Wednesday, 31 August 2016

Scheduling for a New Slump Mould

Often you will see statements that imply a single temperature and time is suitable for all slumping or draping.  This is not so.  In fact, slumping is a delicate balance of layup, time, gravity, shape and temperature. This applies to draping operations too.

Factors in glass forming

The balance of colour arrangement has an effect on how the glass forms.  In an extreme example of white on one side and black on the other, the forming will begin on the black side first, leading to an uneven slump. Read on - there are ways to make this effect less severe.

The length of time you are willing to wait for the piece to slump is a factor in the temperature required.  Patience is rewarded.  Longer soaks mean that lower temperatures can be used. Lower temperatures lead to less marking on the back.

The mass (often thought of as the thickness) of the glass affects how quickly the glass will form. The greater the mass, the sooner the glass begins to form. This means with heavy glass lower forming temperatures can be used, because of gravity effects.

To get glass conform to a mould with complicated shapes takes longer soaks or higher temperatures than simple shapes.  This is because the glass requires to be more plastic to get into multiple shapes, small details or sharp angles.

General Principles

Since all these factors interact, any one schedule will not do for all occasions.  The general principles for a good slump are:
  • Use a steady rate of temperature increase (rate of advance).
  • Use the lowest practical temperature to get the forming done.

The reasons for using a single steady rate of advance in kiln forming are:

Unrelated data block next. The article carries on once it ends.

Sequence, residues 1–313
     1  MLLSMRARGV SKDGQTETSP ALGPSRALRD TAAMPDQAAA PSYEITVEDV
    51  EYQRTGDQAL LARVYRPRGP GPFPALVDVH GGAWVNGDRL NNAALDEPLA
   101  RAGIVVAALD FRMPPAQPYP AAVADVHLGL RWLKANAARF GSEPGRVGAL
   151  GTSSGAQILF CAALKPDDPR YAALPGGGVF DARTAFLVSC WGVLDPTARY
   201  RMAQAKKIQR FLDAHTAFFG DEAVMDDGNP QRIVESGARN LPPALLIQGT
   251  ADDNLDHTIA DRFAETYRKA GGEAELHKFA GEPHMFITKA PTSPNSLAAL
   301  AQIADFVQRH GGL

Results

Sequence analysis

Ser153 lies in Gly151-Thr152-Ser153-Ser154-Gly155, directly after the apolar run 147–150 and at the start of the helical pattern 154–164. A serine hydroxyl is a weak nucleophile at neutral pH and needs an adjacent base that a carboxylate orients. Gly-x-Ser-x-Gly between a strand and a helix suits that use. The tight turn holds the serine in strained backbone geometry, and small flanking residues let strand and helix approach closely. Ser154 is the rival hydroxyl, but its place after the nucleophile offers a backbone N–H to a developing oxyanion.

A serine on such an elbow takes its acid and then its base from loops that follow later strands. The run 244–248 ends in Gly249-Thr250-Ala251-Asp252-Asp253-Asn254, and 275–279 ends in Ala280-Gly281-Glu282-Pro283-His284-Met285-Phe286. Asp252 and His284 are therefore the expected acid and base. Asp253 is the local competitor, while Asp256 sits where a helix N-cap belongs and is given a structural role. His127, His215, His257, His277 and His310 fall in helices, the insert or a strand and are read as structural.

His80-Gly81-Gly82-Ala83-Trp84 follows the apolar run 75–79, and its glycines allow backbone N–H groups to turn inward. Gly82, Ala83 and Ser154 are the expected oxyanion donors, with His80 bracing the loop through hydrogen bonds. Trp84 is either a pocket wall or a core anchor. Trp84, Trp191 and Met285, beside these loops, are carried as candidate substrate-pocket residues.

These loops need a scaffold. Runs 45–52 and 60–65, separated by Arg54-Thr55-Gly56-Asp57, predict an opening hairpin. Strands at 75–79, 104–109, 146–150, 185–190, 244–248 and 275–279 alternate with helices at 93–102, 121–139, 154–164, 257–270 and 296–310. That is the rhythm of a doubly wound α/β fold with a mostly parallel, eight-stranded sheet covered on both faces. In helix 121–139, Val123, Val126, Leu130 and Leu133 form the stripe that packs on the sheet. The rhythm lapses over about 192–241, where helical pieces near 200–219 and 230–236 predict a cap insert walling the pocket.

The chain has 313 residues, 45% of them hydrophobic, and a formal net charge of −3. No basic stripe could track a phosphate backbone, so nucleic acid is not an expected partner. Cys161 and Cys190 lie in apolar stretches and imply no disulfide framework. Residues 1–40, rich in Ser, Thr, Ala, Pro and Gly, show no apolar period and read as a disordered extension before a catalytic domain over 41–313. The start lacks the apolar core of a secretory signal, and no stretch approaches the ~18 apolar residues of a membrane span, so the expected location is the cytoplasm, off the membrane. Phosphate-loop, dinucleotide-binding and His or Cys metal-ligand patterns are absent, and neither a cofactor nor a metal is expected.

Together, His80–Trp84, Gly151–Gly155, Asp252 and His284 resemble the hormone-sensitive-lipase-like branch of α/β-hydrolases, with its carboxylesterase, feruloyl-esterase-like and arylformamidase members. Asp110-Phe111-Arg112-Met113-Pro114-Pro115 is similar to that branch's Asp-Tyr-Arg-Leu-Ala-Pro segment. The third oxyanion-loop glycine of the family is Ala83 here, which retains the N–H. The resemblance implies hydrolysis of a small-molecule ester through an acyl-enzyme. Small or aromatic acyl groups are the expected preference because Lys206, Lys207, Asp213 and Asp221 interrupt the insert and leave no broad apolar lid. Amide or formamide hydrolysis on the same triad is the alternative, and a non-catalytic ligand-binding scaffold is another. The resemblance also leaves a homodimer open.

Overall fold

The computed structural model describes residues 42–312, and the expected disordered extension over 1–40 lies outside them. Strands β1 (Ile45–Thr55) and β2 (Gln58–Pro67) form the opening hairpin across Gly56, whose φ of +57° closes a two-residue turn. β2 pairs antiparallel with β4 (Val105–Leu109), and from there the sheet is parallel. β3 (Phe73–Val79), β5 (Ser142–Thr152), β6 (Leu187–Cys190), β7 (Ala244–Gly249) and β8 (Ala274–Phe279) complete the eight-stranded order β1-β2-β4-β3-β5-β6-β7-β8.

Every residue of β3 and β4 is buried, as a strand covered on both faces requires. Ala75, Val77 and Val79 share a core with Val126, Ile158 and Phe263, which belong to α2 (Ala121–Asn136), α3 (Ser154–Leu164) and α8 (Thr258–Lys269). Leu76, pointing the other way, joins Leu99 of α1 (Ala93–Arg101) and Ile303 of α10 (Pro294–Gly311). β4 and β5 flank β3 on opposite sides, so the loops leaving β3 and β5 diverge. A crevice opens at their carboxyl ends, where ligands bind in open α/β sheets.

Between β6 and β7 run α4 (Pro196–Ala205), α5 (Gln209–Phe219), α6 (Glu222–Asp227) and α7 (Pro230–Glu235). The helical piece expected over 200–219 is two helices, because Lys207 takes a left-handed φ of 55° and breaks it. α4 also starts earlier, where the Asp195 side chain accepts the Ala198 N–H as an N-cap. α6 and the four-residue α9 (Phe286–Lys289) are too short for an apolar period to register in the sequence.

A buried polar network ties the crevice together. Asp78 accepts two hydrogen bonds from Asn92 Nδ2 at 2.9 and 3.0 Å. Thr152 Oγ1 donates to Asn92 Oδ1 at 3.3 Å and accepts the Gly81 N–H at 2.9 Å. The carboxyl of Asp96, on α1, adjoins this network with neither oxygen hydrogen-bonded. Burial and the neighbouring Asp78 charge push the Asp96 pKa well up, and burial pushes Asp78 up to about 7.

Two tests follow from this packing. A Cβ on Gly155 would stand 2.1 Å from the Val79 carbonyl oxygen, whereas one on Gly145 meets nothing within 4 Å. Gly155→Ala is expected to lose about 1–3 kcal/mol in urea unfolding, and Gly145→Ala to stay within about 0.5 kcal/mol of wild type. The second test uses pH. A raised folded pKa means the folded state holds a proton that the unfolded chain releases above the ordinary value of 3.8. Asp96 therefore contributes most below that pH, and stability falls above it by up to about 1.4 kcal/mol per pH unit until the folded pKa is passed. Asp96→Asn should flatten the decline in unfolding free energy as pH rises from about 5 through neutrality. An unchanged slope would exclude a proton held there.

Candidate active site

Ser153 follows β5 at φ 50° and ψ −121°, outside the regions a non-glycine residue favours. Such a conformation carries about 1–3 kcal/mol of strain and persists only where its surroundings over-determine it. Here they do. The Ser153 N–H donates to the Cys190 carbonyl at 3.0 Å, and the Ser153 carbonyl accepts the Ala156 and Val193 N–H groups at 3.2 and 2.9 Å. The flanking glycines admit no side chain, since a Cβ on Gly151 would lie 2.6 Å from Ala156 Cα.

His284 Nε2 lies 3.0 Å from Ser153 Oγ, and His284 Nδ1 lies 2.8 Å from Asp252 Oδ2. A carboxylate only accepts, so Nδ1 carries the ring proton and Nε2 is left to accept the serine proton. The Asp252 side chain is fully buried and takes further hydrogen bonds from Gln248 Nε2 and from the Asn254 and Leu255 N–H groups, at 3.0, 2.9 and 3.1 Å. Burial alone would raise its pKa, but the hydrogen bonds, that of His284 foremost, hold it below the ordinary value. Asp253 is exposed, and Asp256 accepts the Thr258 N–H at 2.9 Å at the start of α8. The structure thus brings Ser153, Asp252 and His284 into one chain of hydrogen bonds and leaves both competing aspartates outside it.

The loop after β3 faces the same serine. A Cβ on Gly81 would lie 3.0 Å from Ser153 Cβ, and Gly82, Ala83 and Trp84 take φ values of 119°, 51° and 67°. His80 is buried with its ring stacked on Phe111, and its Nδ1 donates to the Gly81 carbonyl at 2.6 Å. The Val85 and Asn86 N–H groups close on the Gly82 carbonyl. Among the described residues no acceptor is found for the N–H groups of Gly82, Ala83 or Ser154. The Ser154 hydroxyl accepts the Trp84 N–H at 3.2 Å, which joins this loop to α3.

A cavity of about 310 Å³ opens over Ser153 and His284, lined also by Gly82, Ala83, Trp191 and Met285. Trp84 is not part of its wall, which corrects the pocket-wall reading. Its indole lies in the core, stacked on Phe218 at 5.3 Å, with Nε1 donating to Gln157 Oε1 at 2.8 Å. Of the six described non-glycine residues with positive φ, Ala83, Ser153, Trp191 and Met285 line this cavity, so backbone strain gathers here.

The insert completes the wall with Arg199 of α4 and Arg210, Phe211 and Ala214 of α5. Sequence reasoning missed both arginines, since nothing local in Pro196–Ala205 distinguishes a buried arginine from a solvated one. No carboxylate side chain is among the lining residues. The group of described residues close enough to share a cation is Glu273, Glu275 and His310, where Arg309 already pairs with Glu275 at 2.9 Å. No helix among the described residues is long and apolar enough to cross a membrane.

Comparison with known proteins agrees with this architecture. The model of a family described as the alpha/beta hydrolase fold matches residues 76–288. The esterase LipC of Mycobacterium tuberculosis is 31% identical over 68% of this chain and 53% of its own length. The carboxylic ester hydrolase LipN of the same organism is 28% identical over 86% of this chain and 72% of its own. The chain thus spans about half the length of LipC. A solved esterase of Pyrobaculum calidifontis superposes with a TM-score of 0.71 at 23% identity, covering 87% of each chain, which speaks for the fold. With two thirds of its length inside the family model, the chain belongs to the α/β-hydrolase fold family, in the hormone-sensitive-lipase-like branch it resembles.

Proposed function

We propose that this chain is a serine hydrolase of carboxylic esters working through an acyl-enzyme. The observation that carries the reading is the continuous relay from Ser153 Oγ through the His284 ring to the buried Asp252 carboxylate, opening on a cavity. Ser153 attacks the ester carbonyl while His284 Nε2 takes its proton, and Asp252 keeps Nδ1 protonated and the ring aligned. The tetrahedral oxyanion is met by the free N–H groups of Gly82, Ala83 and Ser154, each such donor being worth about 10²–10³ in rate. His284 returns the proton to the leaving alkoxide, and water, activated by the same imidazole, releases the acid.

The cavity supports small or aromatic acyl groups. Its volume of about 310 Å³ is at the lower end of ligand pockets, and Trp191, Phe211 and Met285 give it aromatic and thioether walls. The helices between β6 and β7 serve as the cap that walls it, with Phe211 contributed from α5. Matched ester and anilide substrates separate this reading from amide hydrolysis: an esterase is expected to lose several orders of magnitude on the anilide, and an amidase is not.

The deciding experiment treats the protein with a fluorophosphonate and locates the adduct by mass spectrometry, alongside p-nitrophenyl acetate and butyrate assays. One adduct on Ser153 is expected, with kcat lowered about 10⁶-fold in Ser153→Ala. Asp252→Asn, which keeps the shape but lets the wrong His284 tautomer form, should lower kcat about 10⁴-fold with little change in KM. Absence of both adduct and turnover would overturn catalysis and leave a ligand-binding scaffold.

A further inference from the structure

• It is much simpler to program a single rate of advance all the way to slump temperature.  
  • Glass reacts best to steady inputs of heat, allowing the whole substance to be at the same temperature as it heats up.
  • It helps avoid uneven slumps.  Glass that is the same temperature across and throughout itself is more likely to begin to form all at the same time.
  • It helps ensure that the whole of the thickness of the glass is at the same temperature, thus avoiding splits on the bottom.
  • The slow steady input of heat means the glass can be formed at a lower temperature because of the heat work put into the glass on the rise in temperature.

The reasons for using the lowest practical temperature to slump and drape are:
  • It allows the glass to begin moving before it gets sticky, and so dragging on the mould producing stretch marks and sometimes needles.
  • A low temperature slump reduces the risk of uneven slumps.  At low temperatures the glass is less likely to react to colour variations that absorb heat more quickly than others.  Where there is uneven weight, the forming is more likely to be even as it cannot react so quickly to the differences in weight.
  • The glass will be less marked on the mould side at lower than at higher temperatures.  The glass, being less plastic, will take up less of the mould texture.

Calibration of Schedules

As each mould is different, there are as many schedules applicable as there are moulds.  Bullseye has recognised this by publishing suggested schedules for their moulds.  But there are lots more moulds than the Bullseye ones.  And even for the Bullseye moulds there are a variety of variables in the glass put on top.

The point is to find a way to determine the appropriate schedule for the mould and the glass it supports.  This involves the main variables - rate of advance, top temperature and soak time - although there are others such as lay up, degree of fusing, weight and its distribution, colour variation, etc.

The rate of advance will depend on:
  • The thickness of the piece.  Thicker glass needs slower rates of advance.
  • The degree of fuse.  A tack fused piece will require a slower rate than a full fused piece.